After some years at Surrey Chapel it became apparent to Newman Hall and the chapel's trustees that closure was inevitable. A considerable sum had been bequeathed by the chapel's founder for the perpetuation of his work on the expiration of the lease; but, owing to some legal flaw in the will, the bequest had to be given to the residuary legatee, Hackney Itineracy, later known as Hackney College, a non-conformist theological institution co-founded by George Collison. The trustees were faced with the prospect of raising all of the funds needed to buy a new lease on Surrey Chapel, or moving elsewhere. Surrey Chapel on Blackfriars Road was by then a popular religious, educational, and music venue with many associated foundations and charities, but was too small to house all of these. To provide sufficient space, a local temperance hall in Waterloo Road had been leased, and duly renamed Hawkstone Hall - the country seat of relatives of Rev. Rowland Hill. Were a more spacious site found for an entirely new chapel, the trustees might provide on-site facilities for some of the foundations and perhaps acquire a freehold. Costly though this would be, Newman Hall was undaunted by this challenge. Through weekly offertories and donations, and fund-raising in America, he led a campaign to raise sufficient money and loans. A grand building project emerged at the junction of the Kennington and Westminster Bridge Roads on the site of a former Orphan Asylum. It comprised a large new chapel, Christ Church, adjoined by a large lecture hall and school building to which the name Hawkstone Hall was transferred, and an international monument to Abraham Lincoln - the Lincoln Memorial Tower. The whole complex was initially designed by the architect E.C. Robins FRIBA in 1873, and then enlarged and modified by Paull & Bickerdike. Within four years of the new complex being opened by Samuel Morley MP in 1876, the total cost of about £60,000 was cleared.

Later Life, Memorial & Legacy[edit]

Memorial to Christopher Newman Hall and Harriet at Abney Park Cemetery London

In the 1860s Newman Hall became Chairman of the Congregational Union, and was awarded a Doctorate in Divinity from Amherst College in the USA. Newman Hall became involved in W E Forster's educational bill and met with Gladstone personally. At a service conducted by Rev Henry Allon at Christ Church, on Easter Monday 1880, Newman Hall married his second wife, Miss Harriet Knipe - daughter of Henry Knipe, barrister-at-law and J.P. His first marriage had ended in a controversial divorce case which had eventually led to a decree nisi in February 1880 - a time when divorce was rare. Neither marriage was followed by children. In 1892 he received a second Doctorate of Divinity degree - from Edinburgh University.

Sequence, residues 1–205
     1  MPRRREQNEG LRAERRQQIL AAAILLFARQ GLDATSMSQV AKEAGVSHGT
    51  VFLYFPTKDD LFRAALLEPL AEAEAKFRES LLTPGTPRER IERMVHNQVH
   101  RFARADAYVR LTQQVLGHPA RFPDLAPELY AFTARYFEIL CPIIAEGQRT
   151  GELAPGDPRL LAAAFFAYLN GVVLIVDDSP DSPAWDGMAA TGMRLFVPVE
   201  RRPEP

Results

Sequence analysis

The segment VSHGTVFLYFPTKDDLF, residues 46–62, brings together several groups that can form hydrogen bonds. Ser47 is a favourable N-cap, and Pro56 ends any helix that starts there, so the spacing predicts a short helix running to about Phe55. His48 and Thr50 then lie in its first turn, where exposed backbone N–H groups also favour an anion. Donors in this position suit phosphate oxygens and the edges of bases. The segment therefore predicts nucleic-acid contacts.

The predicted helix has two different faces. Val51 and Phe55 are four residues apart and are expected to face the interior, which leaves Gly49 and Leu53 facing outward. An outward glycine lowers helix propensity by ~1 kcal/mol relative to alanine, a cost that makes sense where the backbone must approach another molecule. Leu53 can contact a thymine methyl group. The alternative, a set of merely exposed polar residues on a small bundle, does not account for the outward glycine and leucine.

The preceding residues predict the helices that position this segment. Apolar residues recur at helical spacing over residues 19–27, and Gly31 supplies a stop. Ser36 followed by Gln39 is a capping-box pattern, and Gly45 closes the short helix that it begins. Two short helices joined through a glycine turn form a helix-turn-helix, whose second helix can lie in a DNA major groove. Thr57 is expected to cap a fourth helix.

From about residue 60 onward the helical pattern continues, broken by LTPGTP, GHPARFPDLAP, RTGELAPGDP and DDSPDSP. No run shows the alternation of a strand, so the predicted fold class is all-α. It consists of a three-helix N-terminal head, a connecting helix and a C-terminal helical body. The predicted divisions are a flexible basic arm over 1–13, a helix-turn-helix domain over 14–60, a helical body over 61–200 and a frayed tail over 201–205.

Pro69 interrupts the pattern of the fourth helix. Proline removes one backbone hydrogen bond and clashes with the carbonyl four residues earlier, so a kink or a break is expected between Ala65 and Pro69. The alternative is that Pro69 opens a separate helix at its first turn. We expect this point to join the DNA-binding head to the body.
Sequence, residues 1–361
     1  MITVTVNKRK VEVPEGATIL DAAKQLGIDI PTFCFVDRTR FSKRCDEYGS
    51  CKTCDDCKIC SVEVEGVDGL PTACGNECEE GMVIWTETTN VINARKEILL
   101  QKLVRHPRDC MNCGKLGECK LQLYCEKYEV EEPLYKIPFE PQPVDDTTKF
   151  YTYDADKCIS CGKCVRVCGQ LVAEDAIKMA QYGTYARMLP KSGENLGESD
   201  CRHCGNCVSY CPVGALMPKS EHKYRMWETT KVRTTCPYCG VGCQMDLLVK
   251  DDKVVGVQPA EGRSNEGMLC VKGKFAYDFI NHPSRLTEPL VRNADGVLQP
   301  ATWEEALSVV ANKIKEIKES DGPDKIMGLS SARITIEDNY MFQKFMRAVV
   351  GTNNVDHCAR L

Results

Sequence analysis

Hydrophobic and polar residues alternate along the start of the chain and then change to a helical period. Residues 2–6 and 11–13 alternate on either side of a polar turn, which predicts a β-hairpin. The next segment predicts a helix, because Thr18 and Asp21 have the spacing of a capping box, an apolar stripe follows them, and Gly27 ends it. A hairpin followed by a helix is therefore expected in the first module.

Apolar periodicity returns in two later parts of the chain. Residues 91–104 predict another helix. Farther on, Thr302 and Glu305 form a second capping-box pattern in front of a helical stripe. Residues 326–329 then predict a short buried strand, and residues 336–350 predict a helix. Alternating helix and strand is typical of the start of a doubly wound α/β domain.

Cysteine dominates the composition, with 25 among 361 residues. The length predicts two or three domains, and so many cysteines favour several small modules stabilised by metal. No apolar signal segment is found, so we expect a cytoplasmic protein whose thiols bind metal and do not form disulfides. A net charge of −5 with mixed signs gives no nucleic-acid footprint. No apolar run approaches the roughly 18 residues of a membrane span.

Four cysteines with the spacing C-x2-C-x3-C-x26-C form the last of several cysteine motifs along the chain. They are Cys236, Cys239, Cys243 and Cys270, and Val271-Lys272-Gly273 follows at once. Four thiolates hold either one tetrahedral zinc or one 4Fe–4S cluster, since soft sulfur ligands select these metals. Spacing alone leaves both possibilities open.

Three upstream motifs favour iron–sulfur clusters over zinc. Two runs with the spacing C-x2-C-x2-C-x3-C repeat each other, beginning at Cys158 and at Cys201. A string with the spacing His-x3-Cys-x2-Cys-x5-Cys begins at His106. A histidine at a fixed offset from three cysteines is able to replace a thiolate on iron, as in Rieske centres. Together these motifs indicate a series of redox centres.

In 1892 Newman Hall resigned as pastor at Christ Church whilst continuing with his interests in social and evangelical work. Non-party, but broadly Liberal in his political views, few preachers of any denomination have exercised so far-reaching an influence. Towards the end of his life he completed an autobiography, in which he set out his philosophy in these words: The Christian Church, as tribunes of the people should be ever ready to plead the people's cause...Christians should be in the forefront of the battle of philanthropy. By this time he had many books to his name, including two books on travel The Land of the Forum and Vatican, and From Liverpool to St. Louis, and a book of poetry entitled Pilgrim Songs in Cloud and Sunshine.

Christopher Newman Hall is buried with his father John Vine Hall (d.1860), and wife Harriet (d.1922), in a polished red coffin tomb at Abney Park Cemetery, the garden cemetery founded in Stoke Newington in 1840 by Congregationalists as a model for non-denominational burial.

Works[edit]

  • Hall, Christopher Newman (1850/reprinted 2007). The Christian Philosopher... a narrative of the life of the late William Gordon. USA: Kessinger Publishing, 2007
  • Christopher Newman Hall (1861*). The Saviour's Bible. J. Nisbet & Company.  Check date values in: |date= (help)
  • Christopher Newman HALL (1858). Hymns composed at Bolton Abbey, and other Rhymes. 
  • Hall, Christopher Newman (1863/reprinted 2007). "The American War. by Newman Hall, LLD. A lecture delivered in London October 20, 1862. USA: University of Michigan Library, 2007
  • Hall, Christopher Newman (1865/reprinted 2007). "Sermon on the Assassination of Abraham Lincoln preached at Surrey Chapel, London, May 14, 1865'. USA: Cornell University Library, 2007
  • Hall, Christopher Newman (1898). "Newman Hall, an autobiography. Cassell: London.
  • Christopher Newman Hall (1871). Pilgrim songs in cloud and sunshine. Hamilton, Adams & co. 

Notes[edit]

  1. ^ Jeary, Margaret and Mulhern, Mark (Editors). From Kelso to Kalamazoo : the Life and Times of George Taylor 1803-1891 : European Ethnological Research Centre (2009)

References[edit]

External links[edit]

Religious titles
Preceded by
Rev. James Sherman
Minister of Surrey Chapel
1854 – 1876
Congregation moved to
Christ Church, Lambeth